Miracles are real. We have seen so many miracles just in these past few days. I can't even explain it. I have suddenly developed an ability to remember more kanji and read all the ones that I really need to. And I can also understand a heck of a lot more Japanese than I should probably be understanding. And I can speak more fluently than I could four days ago. On top of that, everyone we see seems to be drawn to us. We have had TONS of good contacts. We were able to teach a surprising amount of lessons in two days....and this morning we got a call from a man and his wife who I met two weeks ago who want to meet with us today and learn about Christianity. Heavenly Father is pouring the blessings of Heaven upon us because this is the hardest thing that either I or Chapman Shimai have ever done.

I can't even express my love for Chapman Shimai enough. She just looks at me and says: "Sister, I want to speak Nihongo. I want to understand. I want God to smile down on my hard work!" And I say: "Sister! He IS smiling down at your hard work! You WILL learn Nihongo! AND English!" And then we laugh and ride off on our bikes into the sunset...but really though. She is so amazing. She has SO MUCH FAITH! To go to the MTC without speaking English OR Japanese! I can't imagine it. She has more desire than anyone to be a missionary! And another quote from her: "Shimai...I can't speak...but the important thing to me is that we wakachiatai!" (The important thing to me is that we want to share!" And I say: "Alright! Then lets talk to everyone!!" And then we do! And it is so good! And it is amazing how many people want to talk to us :)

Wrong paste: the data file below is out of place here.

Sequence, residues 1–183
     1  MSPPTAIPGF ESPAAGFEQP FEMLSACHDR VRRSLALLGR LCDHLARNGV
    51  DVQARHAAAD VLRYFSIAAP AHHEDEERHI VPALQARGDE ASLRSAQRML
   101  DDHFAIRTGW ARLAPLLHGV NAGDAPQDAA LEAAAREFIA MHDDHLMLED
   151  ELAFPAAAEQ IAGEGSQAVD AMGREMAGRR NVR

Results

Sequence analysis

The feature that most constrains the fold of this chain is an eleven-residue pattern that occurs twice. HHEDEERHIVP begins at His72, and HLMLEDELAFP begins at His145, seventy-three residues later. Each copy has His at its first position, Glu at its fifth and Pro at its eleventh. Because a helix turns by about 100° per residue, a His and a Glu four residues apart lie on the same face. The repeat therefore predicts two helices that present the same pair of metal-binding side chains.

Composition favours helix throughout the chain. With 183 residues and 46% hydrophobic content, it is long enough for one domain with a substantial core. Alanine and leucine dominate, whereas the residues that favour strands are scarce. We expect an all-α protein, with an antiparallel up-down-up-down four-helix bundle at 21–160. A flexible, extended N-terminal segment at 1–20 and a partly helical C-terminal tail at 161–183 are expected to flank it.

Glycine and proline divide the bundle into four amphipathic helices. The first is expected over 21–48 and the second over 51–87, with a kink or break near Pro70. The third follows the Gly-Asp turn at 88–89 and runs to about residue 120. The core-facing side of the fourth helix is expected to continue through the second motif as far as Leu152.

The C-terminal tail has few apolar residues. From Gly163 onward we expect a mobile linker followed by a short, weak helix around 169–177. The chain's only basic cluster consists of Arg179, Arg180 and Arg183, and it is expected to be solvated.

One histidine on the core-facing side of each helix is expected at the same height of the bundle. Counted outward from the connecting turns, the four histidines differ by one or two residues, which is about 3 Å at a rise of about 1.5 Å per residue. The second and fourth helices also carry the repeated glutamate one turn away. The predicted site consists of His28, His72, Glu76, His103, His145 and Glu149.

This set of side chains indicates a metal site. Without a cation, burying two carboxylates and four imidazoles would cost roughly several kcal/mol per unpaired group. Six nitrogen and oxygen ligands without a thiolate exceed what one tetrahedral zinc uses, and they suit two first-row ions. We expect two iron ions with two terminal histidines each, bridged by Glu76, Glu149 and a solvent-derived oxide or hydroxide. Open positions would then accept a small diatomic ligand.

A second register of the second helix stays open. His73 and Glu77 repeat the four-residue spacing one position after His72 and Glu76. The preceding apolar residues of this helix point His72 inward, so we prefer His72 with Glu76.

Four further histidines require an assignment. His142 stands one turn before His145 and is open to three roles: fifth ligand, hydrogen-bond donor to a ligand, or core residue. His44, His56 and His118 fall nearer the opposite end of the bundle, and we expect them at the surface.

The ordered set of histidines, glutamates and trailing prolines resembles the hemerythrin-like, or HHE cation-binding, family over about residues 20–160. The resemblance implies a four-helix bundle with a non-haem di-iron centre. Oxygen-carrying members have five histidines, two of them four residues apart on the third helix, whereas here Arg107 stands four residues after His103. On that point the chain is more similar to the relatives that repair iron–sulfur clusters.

Anyway...I am out of time....but....all I have to say is that the Lord lives. He WILL take care of you. He KNOWS the hard things that you go through. Anything. And He WILL help. I know that is true. Always, always, always be grateful for the blessings that you have received!
Grundvig Shimai

Friday, October 24, 2014

Transfer 5 in Tokushima...reflections on the last three...and I am training!!

Payne Shimai and Grundvig Shimai

"Senkyoushi toushite, watashitachi wa ichinenhan no katsudo wo shite imasu....Ima, watashi wa ichinenhansugiru shite imasu...." (Payne Shimai).